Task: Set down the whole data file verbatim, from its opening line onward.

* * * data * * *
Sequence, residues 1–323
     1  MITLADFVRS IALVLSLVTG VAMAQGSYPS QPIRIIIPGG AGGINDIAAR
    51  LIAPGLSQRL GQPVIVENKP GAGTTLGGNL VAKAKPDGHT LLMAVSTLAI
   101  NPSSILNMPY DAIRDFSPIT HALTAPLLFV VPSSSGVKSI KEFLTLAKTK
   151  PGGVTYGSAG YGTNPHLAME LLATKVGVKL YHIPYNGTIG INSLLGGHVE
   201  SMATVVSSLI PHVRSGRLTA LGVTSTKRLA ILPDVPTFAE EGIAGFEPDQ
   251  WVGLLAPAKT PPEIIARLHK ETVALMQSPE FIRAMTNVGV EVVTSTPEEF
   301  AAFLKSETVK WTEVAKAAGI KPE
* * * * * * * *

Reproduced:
Sequence, residues 1–323
     1  MITLADFVRS IALVLSLVTG VAMAQGSYPS QPIRIIIPGG AGGINDIAAR
    51  LIAPGLSQRL GQPVIVENKP GAGTTLGGNL VAKAKPDGHT LLMAVSTLAI
   101  NPSSILNMPY DAIRDFSPIT HALTAPLLFV VPSSSGVKSI KEFLTLAKTK
   151  PGGVTYGSAG YGTNPHLAME LLATKVGVKL YHIPYNGTIG INSLLGGHVE
   201  SMATVVSSLI PHVRSGRLTA LGVTSTKRLA ILPDVPTFAE EGIAGFEPDQ
   251  WVGLLAPAKT PPEIIARLHK ETVALMQSPE FIRAMTNVGV EVVTSTPEEF
   301  AAFLKSETVK WTEVAKAAGI KPE